5.  Attorney assistance in mediation:  Attorneys can assure clients that they are able to meet privately with them at any point during the mediation.  The attorney will also remain with their client if caucusing becomes necessary.  Participants might also find it helpful to know that opposing counsel may not address them, but is instead limited to speaking to their own client or the mediator.

Although attorneys are always welcome in mediation, most of the time attorneys do not choose to attend.  When this is the case, it is helpful for the attorney to be available to their client by phone to answer questions.  Because the mediator cannot give legal advice, asking questions of their attorney is sometimes necessary to move the mediation forward.

6.  Participant familiarity with legal “likelihoods” or limitations of their case:  Child support is an example where the court generally follows set guidelines.  When clients know beforehand what is “typically” done by the court, impasse in mediation can often be prevented.

7.  Participant basic understanding of negotiations:   Negotiating in a good faith effort to resolve disputes means coming to mediation with a truly open mind.  Since negation involves give and take in an effort to meet everyone’s underlying needs, participants should be dissuaded from taking a “this is my bottom line, take it or leave it” approach.   When both parties come with some understanding of a reasonable range of the value of their case, and a willingness to develop options for mutual gain, mediation will most certainly be successful.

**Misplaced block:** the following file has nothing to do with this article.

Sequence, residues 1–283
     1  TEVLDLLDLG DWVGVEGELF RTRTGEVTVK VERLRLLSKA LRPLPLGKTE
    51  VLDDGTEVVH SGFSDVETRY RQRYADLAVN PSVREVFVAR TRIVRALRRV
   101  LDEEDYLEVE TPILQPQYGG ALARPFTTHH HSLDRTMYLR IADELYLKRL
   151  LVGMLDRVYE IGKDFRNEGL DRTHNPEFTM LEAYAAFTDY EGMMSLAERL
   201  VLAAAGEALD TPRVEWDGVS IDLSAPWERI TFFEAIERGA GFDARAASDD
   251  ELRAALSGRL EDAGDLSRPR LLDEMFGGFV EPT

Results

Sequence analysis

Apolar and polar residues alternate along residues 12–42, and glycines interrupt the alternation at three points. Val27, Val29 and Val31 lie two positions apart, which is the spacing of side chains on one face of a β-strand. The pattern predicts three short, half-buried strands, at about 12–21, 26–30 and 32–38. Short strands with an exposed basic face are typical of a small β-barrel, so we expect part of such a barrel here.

When personal property lists of more than ten items will be discussed, parties should provide a copy for the mediator and one for each of the additional participants.  Values may be included but are not vital to the process.


8.  The emotional component of mediation:  In the mediation process people may need adequate time to explore issues and sometimes “vent.”  Delicate or unpleasant information may surface or need to be discussed.  This information can cause mental disequilibrium as individuals struggle to adjust views and positions that may have been held for some time.   It can be helpful to assure participants beforehand that dealing with emotions is quite normal.  The mediator is trained to recognize productive and unproductive venting and will prevent either party from verbally attacking the other in mediation.


9.  Participant basic understanding of caucusing:  In private mediation, much, if not most, of the mediation takes place in caucus mode.  Early Settlement only uses caucusing when necessary.  Most often caucusing occurs during negotiations when parties continue making unproductive comments in open session, or when nearing an impasse. 

Parties should be aware that everything discussed during caucus is confidential.  The mediator will gain permission prior to disclosing any information revealed in caucus to the other side.  Frequently parties choose to have the mediator act as a “go between” in presenting offers to the other side following a caucus.

10.  Having a positive attitude in mediation makes a difference:  Mediation is a safe place to explore issues and given the non-binding nature of the process, there is literally nothing to lose by attempting mediation and potentially much to gain.

If Early Settlement can be of any further assistance in preparing for mediation, please don’t hesitate to contact the Early Settlement office.